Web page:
If you have a functional ##\phi##, that is a map that takes a vector and spits out a real number, then you can write it as a covector
    $$\phi = \phi_i \, e^i$$
    where ##e^i## is the dual vector such that
    $$e^i \cdot e_j = \delta^i_j \, .$$
    This is a consequence of Riesz representation theorem in the special case of a finite dimensional inner product space, which is necessarily a hilbert space.
    This is how it works:
    $$\phi(v) \equiv \phi \cdot v = \phi_i \, e^i \cdot v^j \, e_j = \phi_i \, v^j \, (e^i \cdot e_j)
    = \phi_i \, v^j \, \delta^i_j = \phi_i \, v^i \, .$$
    Now, a "normal" matrix ##A## (in your vector space ##V##) is something that takes a vector and spits out a vector, so
    $$A = A^i{}_j \, e_i \otimes e^j \, .$$
    In a similiar manner, you can construct maps that take a vector and spit out a covector, maps that take a covector and spit out a vector, etc.
    This differential geometry stuff is just ##V## being the tangent space and
    $$e_i = \partial_i := \frac{\partial}{\partial x^i} \quad, \quad e^i = d x^i \, .$$
    The "interior product" is just multiplication.
     
  7. Jul 22, 2014 #6
    Hi, thx, yea that really helped, I have to think more in terms of matrices. So when I have a form with coefficients like [itex]w_{\mu v}[/itex] then this would be a matrix full of forms and this would take a vector(field) as input and a 1-form as output?. But I'm not sure what the role of the tensor product here is. I know that the forms are defined via the tensor product and I know how to take the tensor product of two vectors to get a "tensor matrix", but how does this mix all together?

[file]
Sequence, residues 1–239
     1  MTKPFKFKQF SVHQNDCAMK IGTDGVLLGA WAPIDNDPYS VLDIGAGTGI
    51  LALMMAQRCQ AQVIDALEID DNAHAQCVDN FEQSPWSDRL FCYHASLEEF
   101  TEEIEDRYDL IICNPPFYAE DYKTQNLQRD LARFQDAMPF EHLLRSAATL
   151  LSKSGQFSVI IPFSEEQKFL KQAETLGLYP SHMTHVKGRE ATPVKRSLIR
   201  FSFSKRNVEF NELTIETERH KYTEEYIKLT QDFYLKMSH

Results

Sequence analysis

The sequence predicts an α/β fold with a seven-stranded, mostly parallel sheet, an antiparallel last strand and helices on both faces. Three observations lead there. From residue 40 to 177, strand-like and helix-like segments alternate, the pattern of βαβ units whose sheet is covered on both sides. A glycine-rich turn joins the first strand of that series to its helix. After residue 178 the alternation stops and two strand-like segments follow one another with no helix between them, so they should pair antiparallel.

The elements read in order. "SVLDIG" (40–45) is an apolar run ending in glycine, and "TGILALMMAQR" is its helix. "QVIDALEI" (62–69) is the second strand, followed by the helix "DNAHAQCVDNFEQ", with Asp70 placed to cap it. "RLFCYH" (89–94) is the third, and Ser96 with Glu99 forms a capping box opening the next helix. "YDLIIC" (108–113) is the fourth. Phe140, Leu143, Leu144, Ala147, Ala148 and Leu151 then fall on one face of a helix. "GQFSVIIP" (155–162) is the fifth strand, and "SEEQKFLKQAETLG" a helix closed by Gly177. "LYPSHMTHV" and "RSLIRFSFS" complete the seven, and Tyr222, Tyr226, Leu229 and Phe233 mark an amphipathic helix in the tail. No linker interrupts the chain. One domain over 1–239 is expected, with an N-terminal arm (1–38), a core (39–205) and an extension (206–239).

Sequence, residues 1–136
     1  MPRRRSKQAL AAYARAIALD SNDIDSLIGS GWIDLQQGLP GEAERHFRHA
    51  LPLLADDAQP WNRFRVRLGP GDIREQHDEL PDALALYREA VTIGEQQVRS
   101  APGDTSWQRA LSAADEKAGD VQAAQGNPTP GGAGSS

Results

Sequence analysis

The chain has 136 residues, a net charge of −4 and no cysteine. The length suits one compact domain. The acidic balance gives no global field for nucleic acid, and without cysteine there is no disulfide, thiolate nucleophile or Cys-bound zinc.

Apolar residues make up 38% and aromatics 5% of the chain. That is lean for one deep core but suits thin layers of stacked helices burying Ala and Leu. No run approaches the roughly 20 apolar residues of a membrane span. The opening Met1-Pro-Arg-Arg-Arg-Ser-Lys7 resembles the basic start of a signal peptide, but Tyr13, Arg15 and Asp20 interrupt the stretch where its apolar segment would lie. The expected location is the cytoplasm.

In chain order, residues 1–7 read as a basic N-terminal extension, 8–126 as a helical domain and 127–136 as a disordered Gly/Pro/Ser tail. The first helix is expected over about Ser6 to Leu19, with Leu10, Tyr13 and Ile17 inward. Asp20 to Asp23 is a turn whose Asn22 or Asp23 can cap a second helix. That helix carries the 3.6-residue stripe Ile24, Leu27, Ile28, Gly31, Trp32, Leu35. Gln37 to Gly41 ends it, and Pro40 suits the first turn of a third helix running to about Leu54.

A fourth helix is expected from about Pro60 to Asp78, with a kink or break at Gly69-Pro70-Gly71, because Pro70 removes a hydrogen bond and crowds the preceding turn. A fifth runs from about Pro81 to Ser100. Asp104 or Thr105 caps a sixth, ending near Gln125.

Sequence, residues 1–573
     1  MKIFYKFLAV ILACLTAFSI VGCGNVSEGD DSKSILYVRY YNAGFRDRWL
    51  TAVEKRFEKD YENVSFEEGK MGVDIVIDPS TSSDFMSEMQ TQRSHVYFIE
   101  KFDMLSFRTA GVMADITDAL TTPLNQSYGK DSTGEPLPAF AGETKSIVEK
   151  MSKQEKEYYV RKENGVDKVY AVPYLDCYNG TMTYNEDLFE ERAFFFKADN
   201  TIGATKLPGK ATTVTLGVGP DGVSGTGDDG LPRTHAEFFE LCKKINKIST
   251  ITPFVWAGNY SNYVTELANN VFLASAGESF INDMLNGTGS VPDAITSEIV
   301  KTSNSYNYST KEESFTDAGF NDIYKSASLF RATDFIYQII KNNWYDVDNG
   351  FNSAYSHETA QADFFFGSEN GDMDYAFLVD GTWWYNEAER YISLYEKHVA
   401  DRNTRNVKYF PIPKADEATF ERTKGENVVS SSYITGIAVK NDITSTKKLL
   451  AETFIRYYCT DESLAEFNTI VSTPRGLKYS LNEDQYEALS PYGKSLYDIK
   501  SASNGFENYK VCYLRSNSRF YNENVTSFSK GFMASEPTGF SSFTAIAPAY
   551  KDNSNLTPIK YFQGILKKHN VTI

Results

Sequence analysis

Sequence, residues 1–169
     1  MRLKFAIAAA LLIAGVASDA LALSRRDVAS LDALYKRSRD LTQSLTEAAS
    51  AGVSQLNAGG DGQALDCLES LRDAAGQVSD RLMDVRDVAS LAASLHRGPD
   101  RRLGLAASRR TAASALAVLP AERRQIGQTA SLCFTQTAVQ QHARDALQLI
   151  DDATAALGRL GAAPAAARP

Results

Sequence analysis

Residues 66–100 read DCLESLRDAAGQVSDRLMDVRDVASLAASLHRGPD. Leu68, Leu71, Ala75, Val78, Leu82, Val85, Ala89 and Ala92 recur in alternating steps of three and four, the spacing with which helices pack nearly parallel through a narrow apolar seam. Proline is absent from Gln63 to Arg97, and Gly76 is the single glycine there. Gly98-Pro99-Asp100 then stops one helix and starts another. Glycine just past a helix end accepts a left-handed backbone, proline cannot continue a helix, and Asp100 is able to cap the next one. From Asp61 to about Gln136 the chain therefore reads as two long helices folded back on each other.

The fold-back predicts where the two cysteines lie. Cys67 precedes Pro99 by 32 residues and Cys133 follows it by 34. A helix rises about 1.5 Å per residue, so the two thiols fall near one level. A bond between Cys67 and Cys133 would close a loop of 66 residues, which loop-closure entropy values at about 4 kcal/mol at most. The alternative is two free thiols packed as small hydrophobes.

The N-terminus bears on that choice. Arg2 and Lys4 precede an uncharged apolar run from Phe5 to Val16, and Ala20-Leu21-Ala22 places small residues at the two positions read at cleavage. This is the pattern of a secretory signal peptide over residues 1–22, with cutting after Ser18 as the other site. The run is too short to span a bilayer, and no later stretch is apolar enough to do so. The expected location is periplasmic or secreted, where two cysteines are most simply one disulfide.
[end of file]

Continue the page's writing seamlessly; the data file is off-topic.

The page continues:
8. Jul 22, 2014 #7

    WWGD

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    Actually, the product in the subalgebra of differential forms ( a subalgebra of the (graded) exterior algebra ##V^{n\otimes}## of a vector space V, where the product on tensors is actually the tensor product) is the wedge product. The differential forms are the subalgebra of alternating tensors, and the product in the (also graded, by the degree) subalgebra is the wedge product. And the only matrix I know of with forms as entries is the connection form, tho maybe there is some other one out there I don't know of.
     
    Last edited: Jul 22, 2014
  9. Jul 22, 2014 #8
    You have to go back to linear algebra. A matrix is not a collection of numbers written in rows and columns, a matrix is an "abstract" linear map that takes in a vector and spits out a vector or equivalently, that takes a vector from the right and a covector from the left and gives you a number. The collection of numbers written in rows and columns is just a representation of a matrix. Just like you can write vectors with respect to different bases you can write matricies with respect to different bases. The notation